How to Stay Sane & Happily Married When Parenting an Angry Child

Parenting can be hard. Parenting can be really hard if you are parenting an angry child or child with intense emotions. It is emotionally draining and takes everything you have. It’s 100% worth it, but man wouldn’t it be wonderful if there was a perfect formula for how to stay sane {and happily married} when parenting an angry child?

At least three times in the last week someone has told me they wish there was a guide for parents of angry children. You know, a guide to help us stay sane, a guide to help us stay happily married, a guide to help us cope with our emotions.

Parenting an Angry Child

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Today, I am over at Dirt & Boogers sharing tips on how to remain calm with your angry child. You know, when they are shouting, screaming, stomping and slamming doors. Yep, I knew you could picture it. I don’t pretend to have all the answers, but I’d like to share what I do to remain calm during those extreme moments.

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One of my tips for remaining calm is to take care of yourself. Its something many of us take for granted, but need to pay attention to. Parenting children with such intense emotions is draining and exhausting. You deserve to replenish your bucket. In addition to taking care of yourself, it is incredibly important to nurture your relationship with your partner. Today I am going to share some tips from real parents that live this intense roller coaster day in and day out. Together we will share tips for you and tips for your relationship!

Tips for Staying Sane with an Angry Child

Space | Find some space for you. This might mean locking yourself in the bathroom and hiding for 5 minutes, this might mean getting up early for a cup of coffee without kids, or it might even mean leaving the house. Whatever the case, find space to be alone with your thoughts. Alone without yelling, slamming of doors and stomping.

Friends | You need someone to vent to, someone to lean your head on. This can be a virtual hug through a support group or a real-life friend. I hear so often from parents on my Facebook page that they don’t have any friends, that they don’t know anyone to turn to. If this is you, reach out to me. I will help you find a support group online that could help you connect with other adults.

Music | Have a dance party! Sometimes, you just need to shake it off. This can be with your kids, this can be without them. Whatever it is, sometimes just getting everything out and getting silly will get your mood lifted.

Hobbies | Find one! It can be knitting, basket weaving, rowing, running, really… anything that takes mental power away from thinking about the rough day you just had. Something physical can be an additional boost to your morale.

Special Treats | This one might get me in trouble and you have to be a little careful. Treats are great for lifting your spirits. Whether its one glass of wine, a cup of coffee, a bowl of ice cream, a brownie, or a piece of fruit…whatever the case, remember moderation. You deserve a treat, but just be careful how often you are turning to those treats when you are frustrated about your day (believe me, I’ve been there too).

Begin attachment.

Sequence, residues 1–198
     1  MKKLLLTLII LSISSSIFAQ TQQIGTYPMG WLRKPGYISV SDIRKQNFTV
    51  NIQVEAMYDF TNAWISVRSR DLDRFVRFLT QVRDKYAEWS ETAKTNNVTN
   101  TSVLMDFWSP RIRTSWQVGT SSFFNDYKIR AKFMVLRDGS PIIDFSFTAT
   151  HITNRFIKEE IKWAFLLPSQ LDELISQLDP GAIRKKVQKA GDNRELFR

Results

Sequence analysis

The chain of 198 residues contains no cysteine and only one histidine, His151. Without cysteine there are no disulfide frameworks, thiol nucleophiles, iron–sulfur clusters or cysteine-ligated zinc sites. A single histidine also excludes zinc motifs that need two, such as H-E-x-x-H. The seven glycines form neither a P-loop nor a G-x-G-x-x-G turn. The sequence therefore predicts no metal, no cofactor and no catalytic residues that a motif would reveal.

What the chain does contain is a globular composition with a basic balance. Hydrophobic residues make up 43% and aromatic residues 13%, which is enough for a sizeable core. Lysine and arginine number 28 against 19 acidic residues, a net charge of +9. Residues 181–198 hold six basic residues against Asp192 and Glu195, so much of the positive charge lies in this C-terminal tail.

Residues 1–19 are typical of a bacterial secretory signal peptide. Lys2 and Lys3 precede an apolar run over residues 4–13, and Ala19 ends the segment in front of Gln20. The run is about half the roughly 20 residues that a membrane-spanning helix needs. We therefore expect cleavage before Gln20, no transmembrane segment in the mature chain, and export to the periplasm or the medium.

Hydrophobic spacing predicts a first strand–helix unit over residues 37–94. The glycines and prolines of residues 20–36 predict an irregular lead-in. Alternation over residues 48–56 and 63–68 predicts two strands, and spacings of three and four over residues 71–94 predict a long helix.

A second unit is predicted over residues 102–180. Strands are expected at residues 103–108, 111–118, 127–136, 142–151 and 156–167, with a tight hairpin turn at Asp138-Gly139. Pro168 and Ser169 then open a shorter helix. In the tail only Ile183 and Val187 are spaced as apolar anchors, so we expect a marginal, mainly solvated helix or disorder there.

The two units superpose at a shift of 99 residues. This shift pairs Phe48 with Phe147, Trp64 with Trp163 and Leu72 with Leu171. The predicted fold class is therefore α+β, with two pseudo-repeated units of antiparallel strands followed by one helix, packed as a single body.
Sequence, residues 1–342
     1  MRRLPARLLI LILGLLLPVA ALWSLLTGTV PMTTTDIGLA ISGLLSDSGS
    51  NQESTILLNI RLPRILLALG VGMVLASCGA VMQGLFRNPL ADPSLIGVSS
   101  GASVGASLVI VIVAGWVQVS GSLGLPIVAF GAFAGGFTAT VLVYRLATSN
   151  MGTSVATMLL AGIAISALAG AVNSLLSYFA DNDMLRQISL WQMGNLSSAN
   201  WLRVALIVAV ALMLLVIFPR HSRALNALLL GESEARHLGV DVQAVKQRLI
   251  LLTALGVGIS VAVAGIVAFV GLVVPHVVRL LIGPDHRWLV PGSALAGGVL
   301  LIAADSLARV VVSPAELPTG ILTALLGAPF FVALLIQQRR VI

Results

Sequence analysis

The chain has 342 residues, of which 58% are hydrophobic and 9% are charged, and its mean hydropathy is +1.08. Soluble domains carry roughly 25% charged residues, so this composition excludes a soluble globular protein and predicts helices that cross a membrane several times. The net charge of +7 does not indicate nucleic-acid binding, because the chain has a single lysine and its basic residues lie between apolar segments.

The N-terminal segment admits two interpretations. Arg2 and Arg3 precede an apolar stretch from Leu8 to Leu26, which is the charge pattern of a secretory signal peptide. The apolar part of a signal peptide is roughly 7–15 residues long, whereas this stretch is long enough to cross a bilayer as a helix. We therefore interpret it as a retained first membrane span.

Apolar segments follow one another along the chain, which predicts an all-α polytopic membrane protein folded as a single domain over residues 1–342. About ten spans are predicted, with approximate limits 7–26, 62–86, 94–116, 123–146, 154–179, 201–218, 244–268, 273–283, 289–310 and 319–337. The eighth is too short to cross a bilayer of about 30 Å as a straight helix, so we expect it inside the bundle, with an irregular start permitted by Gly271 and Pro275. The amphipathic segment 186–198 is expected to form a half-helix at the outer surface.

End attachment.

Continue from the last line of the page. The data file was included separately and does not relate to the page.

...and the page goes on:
Support Groups | A support group can make you or break you. When finding a support group, it is incredibly important to find one that is supportive, loving and kind. One that is well managed by admins and one that helps you when you are down. A few of my favorites include the Support for Sensory Needs, Mama’s Village (Stop Yelling), and Positive Parenting Reader Questions. These are just a few of the many support groups available online, although there are many in person locally and others online.

Books and Courses | There are several resources that are excellent for giving you what you need to feel ready to take on the next day with your intense child. We are currently reading The Newbie’s Guide to Positive Parenting and going through Positive Parenting Solutions coursework. Both of these are helping us be better prepared for the next outburst or meltdown.

Essential Oils | There are many essential oils that are great for overall mental health and well-being. Joy, Peace and Calming and Valor are my go to essential oils on a daily basis. {In fact, essential oils are also great for the intense emotions my son has. He loves using Cedarwood for an overall peacefulness.}

Professional Help | We are very big believers in getting professional help when the problem seems to big to handle yourself. It is great to have someone to talk to that can help you problem solve or can give you strategies that you might not have thought of.

Tips from other Mamas of Angry Children

Let it Go | “I had to make a lot of personal changes in my own attitude. I was letting her emotional intensity impact me so much that my emotions (anger, frustration, resentment) were getting in the way of me parenting and marriage as well.” ~ Jodie, Meaningful Mama

Let it Out | “It’s ok to cry…when it has been an overwhelming day and your child is finally asleep, it’s ok to cry.” ~Rachel, Adventures in Wunderland